The Chicago Bears began external interviews for their general manager's vacancy Monday by meeting with New England Patriots director of pro player personnel Jason Licht.
The Bears also are scheduled to interview San Diego Charters director of player personnel Jimmy Raye III on Tuesday. New York Giants director of college scouting Marc Ross and Kansas City Chiefs director of college scouting Phil Emery are also expected to get interviews.
The Bears' one in-house candidate is director of player personnel Tim Ruskell.
Jerry Angelo was fired as GM earlier this month.
--Mike Martz, who resigned as the Chicago Bears' offensive coordinator earlier this month, told the NFL Network on Monday that he has decided to retire from coaching.
Martz, 61, resigned over what he called "philosophical differences" after two years with the Bears.
Martz won a Super Bowl in 1999 as the St. Louis Rams' offensive coordinator with "The Greatest Show of Turf" offense. He then replaced Dick Vermeil as the Rams' head coach the follow years and compiled a 55-32 record in six seasons.
Martz also had stints as offensive coordinator with the Detroit Lions (2006-07) and San Francisco 49ers (2008).
--Among the Bears' 13 unrestricted free agents, Matt Forte has received the most attention, but he has the least chance of leaving.
Failing a long-term contract extension in the offseason, the Bears will slap the dreaded "franchise" tag on Forte, effectively keeping him from leaving. Because of a new formula set in last summer's collective bargaining agreement, the franchise number for running backs will be about $7.8 million this year, compared with $9.6 million in 2011.
If Forte signs with another team, that team must give the Bears two first-round draft picks. It's highly unlikely any team would give up that much in compensation, so Forte will be stuck in Chicago.
With a new general manager coming soon, Forte might have better luck getting the multiyear deal he's seeking, including $20 million in guaranteed money. The Bears' top offer included about $14 in guaranteed money.
Count on him getting franchised and holding out, at least through training camp.
--When wide receiver Roy Williams was brought in last year on a one-year deal, then-offensive coordinator Mike Martz predicted he might catch 70 passes. He probably did -- if you count practices. In game, Williams caught just 37 passes, although he finished strong with 10 catches for 141 yards in the final two games.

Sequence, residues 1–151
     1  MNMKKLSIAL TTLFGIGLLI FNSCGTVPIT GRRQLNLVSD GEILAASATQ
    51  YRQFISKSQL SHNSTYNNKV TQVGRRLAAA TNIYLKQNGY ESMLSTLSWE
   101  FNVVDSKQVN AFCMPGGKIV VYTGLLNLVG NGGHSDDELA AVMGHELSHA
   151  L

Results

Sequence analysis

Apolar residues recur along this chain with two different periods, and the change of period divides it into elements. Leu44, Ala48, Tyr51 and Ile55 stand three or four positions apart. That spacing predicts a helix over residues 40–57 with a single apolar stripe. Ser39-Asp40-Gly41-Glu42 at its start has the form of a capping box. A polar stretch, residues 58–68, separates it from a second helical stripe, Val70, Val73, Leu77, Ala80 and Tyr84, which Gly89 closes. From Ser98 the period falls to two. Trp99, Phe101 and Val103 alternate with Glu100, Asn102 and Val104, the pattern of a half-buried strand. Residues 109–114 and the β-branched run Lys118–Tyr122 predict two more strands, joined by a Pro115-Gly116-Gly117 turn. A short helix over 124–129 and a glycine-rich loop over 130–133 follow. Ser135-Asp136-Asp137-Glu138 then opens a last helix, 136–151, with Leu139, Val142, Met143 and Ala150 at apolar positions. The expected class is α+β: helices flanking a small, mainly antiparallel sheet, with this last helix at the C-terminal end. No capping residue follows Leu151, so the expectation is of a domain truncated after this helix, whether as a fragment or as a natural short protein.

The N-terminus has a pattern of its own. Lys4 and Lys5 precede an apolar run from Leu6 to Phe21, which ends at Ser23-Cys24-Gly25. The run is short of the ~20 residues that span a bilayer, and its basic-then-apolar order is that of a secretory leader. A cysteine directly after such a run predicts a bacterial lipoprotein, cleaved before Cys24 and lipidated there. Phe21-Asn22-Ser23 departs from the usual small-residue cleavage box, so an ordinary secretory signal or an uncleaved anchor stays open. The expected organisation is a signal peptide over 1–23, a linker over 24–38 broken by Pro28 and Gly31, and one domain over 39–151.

Williams signed last year for $2.46 million, and he certainly won't get any more than that from the Bears this time around.
"I've had a lot of ups and downs just like this football team," Williams said. "But just coming off the street, I think I played OK. I think these last two or three ballgames have just picked up, and I think my arrow is going up for this football team, and I just want to try to continue to help us win."
--Corey Graham made the Pro Bowl as a special teams coverage guy, but he wants a bigger role on defense, and he showed this season that he might deserve it. Filling in at nickel when D.J. Moore was injured, Graham had interceptions in three straight games in November. If the Bears won't at least give him a chance to win a regular job, he could bolt as an unrestricted free agent.
"It's very important," the five-year veteran said of playing time. "Obviously, when you're in this league, you want to play on defense. You want to play as much as possible. Hopefully I get a chance to play somewhere. I'm going to weigh my options and just see what happens."
In 2011, Tim Jennings started 15 games at cornerback and Zack Bowman one opposite Charles Tillman. Both Jennings and Bowman are free agents, and both were benched at one point during the season for ineffective play, so the Bears could offer Graham a shot at the job.
QUOTE TO NOTE
"It's not up to me. Either one of two things, I get franchised or I don't." -- Bears running back Matt Forte.
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